How Isamaya Ffrench Went From Children's Party Face Painter to Fashion's Rising Star Makeup Artist - Fashionista

How Isamaya Ffrench Went From Children's Party Face Painter to Fashion's Rising Star Makeup Artist

Burberry Beauty's newly minted Global Beauty Director on her first big break, where she finds inspiration and working with some of the world's top celebrities.
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Isamaya Ffrench.

Isamaya Ffrench.

In our long-running series "How I'm Making It," we talk to people making a living in the fashion and beauty industries about how they broke in and found success.

Reflecting on Isamaya Ffrench's background, it seems she was always destined to be known for a sculptural, boundary-shattering approach to makeup artistry. But it took her a little while to realize that she wanted to channel her creative impulses and ability to envision 3-D masterpieces to faces. Before building her impressive resumé, the newly minted global beauty director for Burberry Beauty grew up in Cambridge, England before leaving at the age of 18 to study 3-D design at Chelsea College of Art, then going on to pursue product design at Central Saint Martins. 

Ffrench's first foray into makeup could be considered the face painting gigs she did in her early 20s, when she spent her weekends entertaining at children's parties. That somewhat modest beginning eventually led to a robust career in makeup artistry; Ffrench is now regarded as one of the top talents in the industry, celebrated for her ability to transform faces, bring otherworldly characters to life and apply her sculptural, artistic eye to makeup for uncanny, sometimes unnerving results. To look at some of her work — like, for example, Kylie Jenner's melted-looking makeup on the cover of Dazed Beauty last year — Ffrech is the Salvador Dalí of modern makeup.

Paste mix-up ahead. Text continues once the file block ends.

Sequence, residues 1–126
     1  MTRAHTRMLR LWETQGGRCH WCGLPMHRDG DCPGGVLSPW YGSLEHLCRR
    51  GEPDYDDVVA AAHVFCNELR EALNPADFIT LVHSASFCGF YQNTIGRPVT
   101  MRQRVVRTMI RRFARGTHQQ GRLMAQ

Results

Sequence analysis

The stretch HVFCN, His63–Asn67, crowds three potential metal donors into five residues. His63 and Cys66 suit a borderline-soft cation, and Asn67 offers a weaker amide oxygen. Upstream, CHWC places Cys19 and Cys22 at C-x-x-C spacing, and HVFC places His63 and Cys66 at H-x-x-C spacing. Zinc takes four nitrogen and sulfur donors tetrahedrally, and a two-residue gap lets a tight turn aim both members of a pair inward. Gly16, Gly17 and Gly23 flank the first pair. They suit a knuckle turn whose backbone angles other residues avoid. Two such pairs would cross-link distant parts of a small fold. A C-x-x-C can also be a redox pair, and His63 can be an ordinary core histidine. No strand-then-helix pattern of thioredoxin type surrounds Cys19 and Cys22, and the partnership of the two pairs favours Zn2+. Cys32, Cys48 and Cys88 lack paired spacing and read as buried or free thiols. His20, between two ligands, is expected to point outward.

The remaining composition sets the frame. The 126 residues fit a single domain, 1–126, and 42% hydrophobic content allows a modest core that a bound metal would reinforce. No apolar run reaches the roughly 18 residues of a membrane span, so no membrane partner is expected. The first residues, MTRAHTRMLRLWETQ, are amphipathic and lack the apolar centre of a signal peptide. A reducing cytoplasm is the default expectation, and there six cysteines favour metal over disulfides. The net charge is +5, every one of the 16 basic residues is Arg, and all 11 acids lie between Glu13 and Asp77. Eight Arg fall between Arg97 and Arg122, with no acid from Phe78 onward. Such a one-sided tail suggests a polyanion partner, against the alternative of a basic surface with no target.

In addition to her role with Burberry, Ffrench was also recently tapped to develop Byredo's forthcoming inaugural color cosmetics range, set to make its debut in October. Her work has graced the covers of British and Italian Vogue and Dazed, among others, as well as in the pages of i-DLove Magazine, Vogue, Pop, Another and W. She's worked with brands like Christian Louboutin Beauté, YSL Beauté, Tom Ford Beauty, MAC, Louis Vuitton, Ashish, H&M, Kenzo, Thom Brown and Junya Watanabe, as well as celebrities including Rihanna, Miley Cyrus and Kim Kardashian and helped to launch Dazed Beauty in 2017 as its creative director. (Didn't I mention she had an impressive resumé?)